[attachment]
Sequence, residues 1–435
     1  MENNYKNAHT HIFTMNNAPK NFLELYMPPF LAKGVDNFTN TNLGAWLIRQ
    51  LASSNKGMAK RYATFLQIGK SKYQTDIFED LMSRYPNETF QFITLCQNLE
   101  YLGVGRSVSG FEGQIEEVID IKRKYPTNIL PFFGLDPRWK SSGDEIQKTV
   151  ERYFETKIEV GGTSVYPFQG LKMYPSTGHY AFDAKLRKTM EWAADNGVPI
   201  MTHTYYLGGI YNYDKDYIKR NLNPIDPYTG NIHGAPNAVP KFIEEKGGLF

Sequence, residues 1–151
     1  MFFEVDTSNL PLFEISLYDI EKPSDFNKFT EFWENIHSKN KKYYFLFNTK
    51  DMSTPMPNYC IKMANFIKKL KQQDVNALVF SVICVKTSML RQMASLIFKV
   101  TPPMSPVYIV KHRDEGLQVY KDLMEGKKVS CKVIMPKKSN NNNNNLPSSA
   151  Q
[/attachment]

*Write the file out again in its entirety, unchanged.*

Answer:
Sequence, residues 1–435
     1  MENNYKNAHT HIFTMNNAPK NFLELYMPPF LAKGVDNFTN TNLGAWLIRQ
    51  LASSNKGMAK RYATFLQIGK SKYQTDIFED LMSRYPNETF QFITLCQNLE
   101  YLGVGRSVSG FEGQIEEVID IKRKYPTNIL PFFGLDPRWK SSGDEIQKTV
   151  ERYFETKIEV GGTSVYPFQG LKMYPSTGHY AFDAKLRKTM EWAADNGVPI
   201  MTHTYYLGGI YNYDKDYIKR NLNPIDPYTG NIHGAPNAVP KFIEEKGGLF

Sequence, residues 1–151
     1  MFFEVDTSNL PLFEISLYDI EKPSDFNKFT EFWENIHSKN KKYYFLFNTK
    51  DMSTPMPNYC IKMANFIKKL KQQDVNALVF SVICVKTSML RQMASLIFKV
   101  TPPMSPVYIV KHRDEGLQVY KDLMEGKKVS CKVIMPKKSN NNNNNLPSSA
   151  Q